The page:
Life threatening loss of power Kittery Maine focus

Life threatening loss of power

 
ChapmanCurtis and Betty Chapman, are both 89, married in 1947, are signing up for the inclement weather program started by the Kittery Fire Chief Dave O’Brien, assisting people during bad weather and power outages.
 
 
 
 
Photo by Rich Beauchesne/Seacoastonline

KITTERY, Maine — During a terrible storm, power outages can become a nuisance for many. But for some, losing power can mean the difference between breathing or not.

By Jesse Scardina
jscardina@seacoastonline.com
NH_Portsmouth_Herald KITTERY, Maine — During a terrible storm, power outages can become a nuisance for many. But for some, losing power can mean the difference between breathing or not.
Kittery Fire Chief Dave O’Brien, with help from the Kittery Police Department and the town’s emergency medical services is hoping to identify and offer help for those residents vulnerable during power outages or extended periods of treacherous weather.
O’Brien created a form residents can voluntarily fill out if they would like to receive a welfare call from a member of the town’s emergency personnel if there’s an impending storm to make sure they are OK, and, if there is a significant power outage, have the opportunity to be checked on by emergency personnel and be transported to the fire station, which would act as a temporary shelter equipped with backup generators.
The idea for the Inclement Weather Special Needs form was spurred from a conversation O’Brien had with longtime Kittery residents Curtis Chapman and his wife Betty, who are worried for their well-being and those in a similar position to theirs during extended power outages.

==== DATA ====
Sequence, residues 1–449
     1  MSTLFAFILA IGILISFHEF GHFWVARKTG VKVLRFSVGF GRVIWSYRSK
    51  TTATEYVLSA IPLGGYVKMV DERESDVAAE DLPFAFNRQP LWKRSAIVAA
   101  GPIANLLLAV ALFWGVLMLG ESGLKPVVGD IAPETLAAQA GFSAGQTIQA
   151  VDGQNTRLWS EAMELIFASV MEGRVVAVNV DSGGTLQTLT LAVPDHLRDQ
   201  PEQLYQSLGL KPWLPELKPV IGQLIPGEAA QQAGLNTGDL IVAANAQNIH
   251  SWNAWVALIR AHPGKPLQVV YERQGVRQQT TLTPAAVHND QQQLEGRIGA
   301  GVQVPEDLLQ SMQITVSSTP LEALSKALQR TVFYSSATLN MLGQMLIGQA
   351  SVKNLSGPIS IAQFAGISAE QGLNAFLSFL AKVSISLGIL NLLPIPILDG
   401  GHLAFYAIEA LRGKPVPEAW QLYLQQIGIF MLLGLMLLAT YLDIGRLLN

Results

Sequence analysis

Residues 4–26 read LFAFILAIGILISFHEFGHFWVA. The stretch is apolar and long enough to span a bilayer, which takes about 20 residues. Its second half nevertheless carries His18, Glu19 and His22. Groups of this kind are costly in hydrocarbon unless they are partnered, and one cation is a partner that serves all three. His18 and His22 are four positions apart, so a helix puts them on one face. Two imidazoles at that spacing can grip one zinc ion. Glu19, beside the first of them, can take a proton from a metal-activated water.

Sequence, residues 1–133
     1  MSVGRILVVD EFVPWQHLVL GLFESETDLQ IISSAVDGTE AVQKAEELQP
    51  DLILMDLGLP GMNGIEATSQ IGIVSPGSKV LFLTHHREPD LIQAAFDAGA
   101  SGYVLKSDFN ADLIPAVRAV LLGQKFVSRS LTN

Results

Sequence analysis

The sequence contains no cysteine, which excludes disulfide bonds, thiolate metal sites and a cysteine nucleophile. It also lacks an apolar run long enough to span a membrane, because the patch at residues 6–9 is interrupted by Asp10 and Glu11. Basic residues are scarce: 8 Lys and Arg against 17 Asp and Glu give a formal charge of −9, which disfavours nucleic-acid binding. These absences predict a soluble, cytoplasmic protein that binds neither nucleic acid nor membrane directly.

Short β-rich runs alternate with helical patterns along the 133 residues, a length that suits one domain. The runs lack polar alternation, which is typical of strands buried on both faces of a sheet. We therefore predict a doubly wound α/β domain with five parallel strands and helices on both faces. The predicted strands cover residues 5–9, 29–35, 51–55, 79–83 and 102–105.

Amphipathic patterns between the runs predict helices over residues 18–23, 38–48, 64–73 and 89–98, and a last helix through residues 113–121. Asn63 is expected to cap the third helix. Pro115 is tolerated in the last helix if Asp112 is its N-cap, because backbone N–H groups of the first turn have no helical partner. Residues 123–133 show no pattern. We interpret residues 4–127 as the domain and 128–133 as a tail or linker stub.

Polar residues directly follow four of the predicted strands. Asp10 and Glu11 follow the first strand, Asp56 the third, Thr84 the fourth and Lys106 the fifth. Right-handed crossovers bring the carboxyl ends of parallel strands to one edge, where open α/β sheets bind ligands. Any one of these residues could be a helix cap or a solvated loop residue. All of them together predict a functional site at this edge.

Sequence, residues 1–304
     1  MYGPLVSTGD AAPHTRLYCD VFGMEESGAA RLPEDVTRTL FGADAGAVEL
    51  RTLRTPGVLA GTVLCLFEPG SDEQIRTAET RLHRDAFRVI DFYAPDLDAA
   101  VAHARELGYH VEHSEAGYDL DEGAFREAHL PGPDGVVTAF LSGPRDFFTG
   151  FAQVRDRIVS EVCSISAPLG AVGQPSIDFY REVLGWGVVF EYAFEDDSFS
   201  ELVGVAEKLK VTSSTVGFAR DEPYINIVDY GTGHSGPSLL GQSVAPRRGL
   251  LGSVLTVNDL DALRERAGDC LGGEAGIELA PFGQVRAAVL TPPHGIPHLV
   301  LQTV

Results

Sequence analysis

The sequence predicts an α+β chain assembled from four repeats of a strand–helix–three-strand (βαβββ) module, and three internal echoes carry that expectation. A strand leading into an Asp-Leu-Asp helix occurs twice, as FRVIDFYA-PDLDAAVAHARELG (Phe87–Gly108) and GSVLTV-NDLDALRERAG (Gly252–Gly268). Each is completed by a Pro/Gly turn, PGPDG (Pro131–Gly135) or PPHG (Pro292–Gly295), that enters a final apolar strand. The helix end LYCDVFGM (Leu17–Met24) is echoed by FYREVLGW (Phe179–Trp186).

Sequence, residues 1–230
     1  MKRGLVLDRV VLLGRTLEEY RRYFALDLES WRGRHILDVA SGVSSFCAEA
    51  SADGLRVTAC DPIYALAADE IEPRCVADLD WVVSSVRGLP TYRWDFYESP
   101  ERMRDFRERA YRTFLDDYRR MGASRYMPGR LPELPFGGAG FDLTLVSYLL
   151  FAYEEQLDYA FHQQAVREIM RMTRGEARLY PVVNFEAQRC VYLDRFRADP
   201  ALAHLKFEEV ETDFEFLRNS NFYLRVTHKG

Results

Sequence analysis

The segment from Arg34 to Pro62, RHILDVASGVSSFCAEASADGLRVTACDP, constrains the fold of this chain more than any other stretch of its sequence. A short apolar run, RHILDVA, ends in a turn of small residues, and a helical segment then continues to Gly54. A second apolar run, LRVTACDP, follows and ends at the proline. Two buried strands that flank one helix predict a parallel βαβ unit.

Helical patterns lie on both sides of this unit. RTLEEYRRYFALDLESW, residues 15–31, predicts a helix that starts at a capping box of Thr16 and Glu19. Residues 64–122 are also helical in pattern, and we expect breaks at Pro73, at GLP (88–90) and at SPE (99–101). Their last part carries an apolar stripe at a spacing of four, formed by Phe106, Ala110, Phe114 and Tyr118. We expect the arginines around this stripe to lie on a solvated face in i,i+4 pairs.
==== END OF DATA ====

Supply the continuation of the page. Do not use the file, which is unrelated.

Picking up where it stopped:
“We have three neighbors here, all over 80 years old,” Curtis Chapman said from the living room of his home on Page Street. “These elderly people are very concerned that if they lose their power they lose their heat. Where do you go? What do you do? There’s a concern.”
After speaking with the Chapmans, O’Brien agreed that something like this needed to be implemented.
“We talked about this idea and I told them that we’d get it done because it really needed to be done,” O’Brien said. “We have several people in our community that are on some sort of electric requirement, whether its oxygen, or some other need where they require electricity.”
O’Brien addressed the Town Council in late September about the implementation of this service, which garnered positive comments from the board.
O’Brien stressed that no one is obligated to sign up for the service, but it could be helpful for those in times of need.
“I’m not mandating anyone fill it out,” he said. “But if you’re interested in filling it out, it’s a simple form and it gives us enough information so that if there are people we need to check on, we can check on. If we get 10 people, that’s wonderful. If we get 60, that’s wonderful. If it becomes more than that, it becomes difficult, but we’ll do it.”
The form, which can be found at the fire department’s website or as hard copies at Town Hall, asks for the typical identifiers, like name, gender, telephone number and street address. It also asks for an emergency contact, a primary care physician’s name, and any medical conditions that may be useful for emergency personnel to know, such as a nebulizer, oxygen, Alzheimer’s disease or autism.
Despite some people’s unwillingness to voluntarily give up personal information, it’s something the Chapmans, who have signed up for the service, feel is better to do too early rather than too late.
“Many people today when they lose power they lose their phones too, so you can’t contact someone,” said the 89-year-old Curtis. “So you should make this information available to those who need it before you lose power.”
“You can’t be proud,” added Betty, who is also 89. “You have to be honest about the whole thing.”
Betty needs oxygen, and the couple, who’ve been married since 1947, have an electric generator accompanying them in the living room. In the other room there’s a backup oxygen generator that is battery powered, and lasts about three hours, Curtis said.
“We also have an ‘Oh My God’ tank in the back room,” he said, adding he also has an automatic generator to take care of keeping the heat on during power outages. “We try to take care of ourselves. We’re more concerned about the others who can’t.”
O’Brien said only a small number of signees have trickled in for the service, but he expects more as winter approaches.
“This just gives us a way to know who these people are that we really need to help,” he said.